APPENDIX BSocial wellbeing technical notesFigure S4: Availability of support (for small favours and in a time of crisis)Time of Crisis: Respondents were asked "thinking just about people who you know who don’t live withyou, is there anyone who you could ask for help with these kinds of things?" Examples of types ofsupport in a time of crisis include: • helping out when you have a serious illness or injury • helping maintain family responsibilities • providing emotional support and a place to stay.This excludes help from those who live with the respondents or help from organisations/government.Figure S9: Whether people have experienced discrimination, by ethnicityLimitations of data: Measures used in this indicator are subjective as they reflect personal experiencesof discrimination by individuals as opposed to discrimination established in law.Table S1: Factors associated with victimisation risk in 2008; andTable S2: Personal worry about victimisation risk by different groups in 2009The New Zealand average figure represents the overall prevalence rate. It was calculated bycombining the number of households experiencing household crime with the number of adultsexperiencing personal crime, and dividing the result by the number of people aged 15 or more in NewZealand in 2008.Asian: This ethnic category included the following groups: Asian (not further defined), SoutheastAsian, Chinese, Indian and Other Asian.Confidence intervals: These are used to address the fact that surveys can only produce estimates ofthe real figure for the relevant population. Confidence intervals (also referred to as margins of error)show the range of values between which the true population value is estimated to lie. This report useda 95 percent confidence interval. At the 95 percent confidence level, one would expect the truepopulation value to fall within the confidence interval in 95 percent of cases if the survey was repeatedmany times under the same conditions. When assessing the results of a single survey, there is a onein 20 chance that the 95 percent confidence interval for the survey estimate will not cover the truepopulation value. Therefore, it is expected that non-sampling errors will be negligible (see alsostatistical significance).Ethnicity: In the NZCASS the ethnic groups reported were non-prioritised total ethnic groups. Thismeans that those who identified with two or more ethnic groups were counted for each ethnic groupthey identified with.European: This category included the following groups: European (not further defined), NZ European,Other European and New Zealander/Kiwi.Other ethnic group: This ethnic category included the following groups: Middle Eastern, LatinAmerican, African and “Other”.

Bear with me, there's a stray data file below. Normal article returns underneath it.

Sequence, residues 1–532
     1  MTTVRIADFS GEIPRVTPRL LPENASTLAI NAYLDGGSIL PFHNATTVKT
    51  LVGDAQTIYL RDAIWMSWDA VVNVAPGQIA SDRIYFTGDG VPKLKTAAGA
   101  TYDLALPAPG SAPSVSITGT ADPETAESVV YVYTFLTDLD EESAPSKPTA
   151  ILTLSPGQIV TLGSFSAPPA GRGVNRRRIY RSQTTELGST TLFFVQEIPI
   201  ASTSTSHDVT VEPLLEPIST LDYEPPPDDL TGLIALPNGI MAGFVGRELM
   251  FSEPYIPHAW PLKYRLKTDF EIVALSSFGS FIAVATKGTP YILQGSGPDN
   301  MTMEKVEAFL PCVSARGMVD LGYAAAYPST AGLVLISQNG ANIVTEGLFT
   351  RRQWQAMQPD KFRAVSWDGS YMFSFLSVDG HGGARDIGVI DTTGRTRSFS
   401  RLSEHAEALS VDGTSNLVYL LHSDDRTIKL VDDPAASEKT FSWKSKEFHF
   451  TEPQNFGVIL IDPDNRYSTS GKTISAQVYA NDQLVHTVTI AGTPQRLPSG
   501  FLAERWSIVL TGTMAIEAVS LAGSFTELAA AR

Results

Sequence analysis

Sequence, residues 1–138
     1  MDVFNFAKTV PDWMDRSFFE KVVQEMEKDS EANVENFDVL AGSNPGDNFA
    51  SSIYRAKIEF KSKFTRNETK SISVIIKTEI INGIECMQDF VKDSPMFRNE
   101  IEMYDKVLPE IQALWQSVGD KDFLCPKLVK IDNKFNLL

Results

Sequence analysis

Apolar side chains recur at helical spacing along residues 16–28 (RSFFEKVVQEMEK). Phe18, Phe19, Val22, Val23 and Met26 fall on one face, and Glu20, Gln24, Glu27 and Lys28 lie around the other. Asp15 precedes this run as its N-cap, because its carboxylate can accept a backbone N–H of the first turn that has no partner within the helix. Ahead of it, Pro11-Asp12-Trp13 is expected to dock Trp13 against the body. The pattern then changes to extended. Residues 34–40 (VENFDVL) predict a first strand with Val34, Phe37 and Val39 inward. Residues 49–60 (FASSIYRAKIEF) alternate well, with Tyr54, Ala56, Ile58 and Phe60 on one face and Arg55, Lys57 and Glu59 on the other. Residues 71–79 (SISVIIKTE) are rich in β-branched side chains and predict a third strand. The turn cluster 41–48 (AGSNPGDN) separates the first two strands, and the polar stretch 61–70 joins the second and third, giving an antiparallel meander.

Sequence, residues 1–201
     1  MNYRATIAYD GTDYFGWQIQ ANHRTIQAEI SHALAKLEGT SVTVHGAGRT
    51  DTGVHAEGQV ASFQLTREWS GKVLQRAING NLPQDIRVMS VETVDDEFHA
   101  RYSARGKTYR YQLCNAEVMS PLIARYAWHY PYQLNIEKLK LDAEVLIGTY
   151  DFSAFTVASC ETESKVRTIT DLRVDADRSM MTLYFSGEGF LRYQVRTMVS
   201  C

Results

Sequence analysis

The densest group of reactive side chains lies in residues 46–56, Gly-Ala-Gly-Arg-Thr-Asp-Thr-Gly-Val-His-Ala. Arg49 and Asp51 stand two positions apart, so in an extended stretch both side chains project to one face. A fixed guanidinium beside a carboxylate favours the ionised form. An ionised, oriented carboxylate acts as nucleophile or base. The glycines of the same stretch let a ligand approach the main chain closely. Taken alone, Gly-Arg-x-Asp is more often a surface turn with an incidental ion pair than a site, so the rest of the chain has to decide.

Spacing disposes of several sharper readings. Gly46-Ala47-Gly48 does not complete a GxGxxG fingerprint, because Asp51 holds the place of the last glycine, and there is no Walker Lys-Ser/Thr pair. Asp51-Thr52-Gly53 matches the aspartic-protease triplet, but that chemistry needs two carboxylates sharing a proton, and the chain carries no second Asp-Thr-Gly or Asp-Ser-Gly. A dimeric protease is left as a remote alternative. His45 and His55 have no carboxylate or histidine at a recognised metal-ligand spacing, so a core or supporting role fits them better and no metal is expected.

Pacific people: This ethnic category included the following groups: Pacific peoples (not furtherdefined), Samoan, Cook Island Māori, Tongan, Niuean, Tokelauan, Fijian and Other Pacific Peoples.Risk rates/risk factors: Risk rates were used to provide information on what type of people andhouseholds were likely to be victimised. The risk factors were based on prevalence counts. A numberof personal, economic, household, and geographic factors were tested against the national averagerisk rate. Factors that were significantly more or less likely than the NZ average at the 95 percentconfidence level are presented in the main body of the report. Risk factors only indicate an associationbetween certain factors and victimisation, they do not indicate causation. Many risk factors are inter-related and overlap.Statistical significance: Test to ascertain the reliability of estimates. Because the NZCASS estimatesare subject to sampling error, differences between estimates from successive years of the survey orbetween population subgroups may occur by chance. Tests of statistical significance are used toidentify which differences are unlikely to have occurred by chance. Tests at the 95 percent confidencelevel were used in this report. This is the level at which, if there was really no real difference, we wouldexpect to see smaller differences than those observed 19 times out of 20.Urbanisation: An area classification which covered Auckland (including the North Shore, Waitakereand Manukau Cities, along with Papakura District and parts of Rodney and Franklin Districts); Othermetropolitan urban areas (including Wellington [except Kapiti], Christchurch and Dunedin); Other mainurban areas (i.e., areas with populations of over 30,000); Secondary urban areas (i.e., areas withpopulations from 10,000 to 29,999) and Rural/minor urban areas (the remaining areas). 11